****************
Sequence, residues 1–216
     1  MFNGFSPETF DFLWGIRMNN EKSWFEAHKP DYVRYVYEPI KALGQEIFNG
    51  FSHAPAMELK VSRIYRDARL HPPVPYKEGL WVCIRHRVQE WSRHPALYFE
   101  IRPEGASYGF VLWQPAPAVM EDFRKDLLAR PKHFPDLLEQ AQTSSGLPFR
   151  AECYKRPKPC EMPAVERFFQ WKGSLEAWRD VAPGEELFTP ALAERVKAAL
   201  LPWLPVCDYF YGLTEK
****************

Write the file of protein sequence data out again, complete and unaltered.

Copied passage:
Sequence, residues 1–216
     1  MFNGFSPETF DFLWGIRMNN EKSWFEAHKP DYVRYVYEPI KALGQEIFNG
    51  FSHAPAMELK VSRIYRDARL HPPVPYKEGL WVCIRHRVQE WSRHPALYFE
   101  IRPEGASYGF VLWQPAPAVM EDFRKDLLAR PKHFPDLLEQ AQTSSGLPFR
   151  AECYKRPKPC EMPAVERFFQ WKGSLEAWRD VAPGEELFTP ALAERVKAAL
   201  LPWLPVCDYF YGLTEK